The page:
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From time to time we get questions that are of the form:

How can I do X?

or

Is X studied?

(often by a user not familiar with TCS) where X is a very high-level real-world task, so it is not clear what the theoretical question is being asked, what is the exact theoretical model, and how one can answer the post. Here is a recent example asking for how to "distributively maintain a database of all baseball games" which will also deal with "spam" and "fake" data from its users. For analogy, it is like asking "How can I built a rocket that can take a human to Mars? Has this been studied?"

How should we deal with them?

I am partly asking this meta question so we can refer to it when we get such questions.

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The answer to "Is X studied", for almost all X, is "yes". If the OP wants more info, they need to explain what they've looked at so far, whether they can break down X into chunks $X_1, X_2, \ldots X_n$, and so on.

So such questions should be given 24 hours to be refined, else they should be closed.

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  • $\begingroup$ "Is X studied?" in some cultures is synonym to "Is X studied? If yes, could you give me some references, so I could improve myself?". Do I get you right, that you expect direct questions , like "References to topic X", "Algorithms to topic Y" etc? $\endgroup$ – Grzegorz Wierzowiecki Aug 29 '11 at 21:01
  • $\begingroup$ Well also that I'd like to see that you've done some due diligence yourself before asking. Google has made searching for material a lot easier than before $\endgroup$ – Suresh Venkat Aug 29 '11 at 22:30
  • $\begingroup$ Agree. But in some cases, it might be reasonable even thou, to ask. Some time ago, I had a hard time in finding books, papers etc related to algorithms for finding, whether two equations are equal. What I've found, thanks to posting question to stackoverflow.com (not cstheory), that I should look for something different. One of answers was about "authomated theorem proving". Then I realised: "Yes, sure. Asking about equality is homomorphic with asking about proof of equality". Then I've started having good searching, even in library. $\endgroup$ – Grzegorz Wierzowiecki Aug 29 '11 at 22:55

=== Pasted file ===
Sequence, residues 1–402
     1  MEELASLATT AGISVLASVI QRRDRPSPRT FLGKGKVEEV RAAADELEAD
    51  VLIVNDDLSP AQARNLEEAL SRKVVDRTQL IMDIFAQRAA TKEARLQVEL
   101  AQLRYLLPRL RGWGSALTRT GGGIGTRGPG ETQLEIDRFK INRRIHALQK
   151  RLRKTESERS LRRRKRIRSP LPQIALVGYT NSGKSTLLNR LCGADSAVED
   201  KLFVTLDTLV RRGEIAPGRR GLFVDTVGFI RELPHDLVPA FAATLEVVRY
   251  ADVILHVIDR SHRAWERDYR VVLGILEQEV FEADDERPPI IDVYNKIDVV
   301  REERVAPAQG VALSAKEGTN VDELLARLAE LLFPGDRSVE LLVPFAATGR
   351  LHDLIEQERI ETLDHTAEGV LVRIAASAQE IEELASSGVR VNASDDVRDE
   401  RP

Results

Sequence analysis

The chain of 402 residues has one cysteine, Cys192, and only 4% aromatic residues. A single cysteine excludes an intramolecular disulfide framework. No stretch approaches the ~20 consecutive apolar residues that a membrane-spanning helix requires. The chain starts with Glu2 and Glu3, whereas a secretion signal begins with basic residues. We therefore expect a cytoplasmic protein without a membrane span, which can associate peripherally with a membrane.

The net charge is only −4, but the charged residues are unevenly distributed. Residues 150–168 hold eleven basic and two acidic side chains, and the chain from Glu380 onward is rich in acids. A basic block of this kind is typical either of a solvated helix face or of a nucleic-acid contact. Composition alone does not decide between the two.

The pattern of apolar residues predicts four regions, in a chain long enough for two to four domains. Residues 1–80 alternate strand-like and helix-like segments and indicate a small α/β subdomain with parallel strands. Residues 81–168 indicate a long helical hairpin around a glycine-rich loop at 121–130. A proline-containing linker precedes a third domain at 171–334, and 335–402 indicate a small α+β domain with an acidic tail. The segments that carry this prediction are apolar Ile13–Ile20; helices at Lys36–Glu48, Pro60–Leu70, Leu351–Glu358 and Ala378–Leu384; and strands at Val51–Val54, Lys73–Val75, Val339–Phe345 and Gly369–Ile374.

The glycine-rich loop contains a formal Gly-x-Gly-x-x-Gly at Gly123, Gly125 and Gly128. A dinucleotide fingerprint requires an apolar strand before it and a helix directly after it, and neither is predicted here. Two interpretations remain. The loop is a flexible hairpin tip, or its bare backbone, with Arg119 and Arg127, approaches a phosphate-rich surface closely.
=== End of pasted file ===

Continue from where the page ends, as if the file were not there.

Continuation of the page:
• $\begingroup$ What I've found, when working in interdisciplinary research group, was, that, there are similar problems, in different fields, with completely different names. So... maybe questions about fields (and other namesakes of problem) are reasonable ? $\endgroup$ – Grzegorz Wierzowiecki Aug 29 '11 at 22:58
  • $\begingroup$ Sure. that definitely sounds reasonable in the right context. $\endgroup$ – Suresh Venkat Aug 30 '11 at 2:32
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“How can I do X?” and “Is X studied?” are very different. The latter (as it is) is silly as Suresh writes. However, the former can be interesting. I think that it is incorrect to close a question just because it is application-oriented.

I think that the discussion about How-to-model-this questions applies. In particular, as Scott Aaronson writes, there are better and worse ways to ask a “How can I do X?” question:

Having said that, there are better and worse ways to pose a modeling question. I think the best ways would make it clear (a) why TCS (as opposed to a different field, like systems or AI) might be well-equipped to answer the question, and (b) what a helpful answer would look like. (In other words: if the only answer to your question you could reasonably expect from a TCS expert is "I dunno," why are you asking it here? :) )

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  • $\begingroup$ The problem is that these questions are not posted as how to model this question, they don't specify a model and still ask how to solve the problem. They feel that they have a model and they have specified it but from theoretical point of view there are too many unknowns that needs to be clarified before the question can be answered but the users doesn't see this because they are not theoreticians. I think a person asking a question on cstheory should try to state the question in a language that is understandable for theoretical computer scientist. $\endgroup$ – Kaveh Aug 12 '11 at 15:37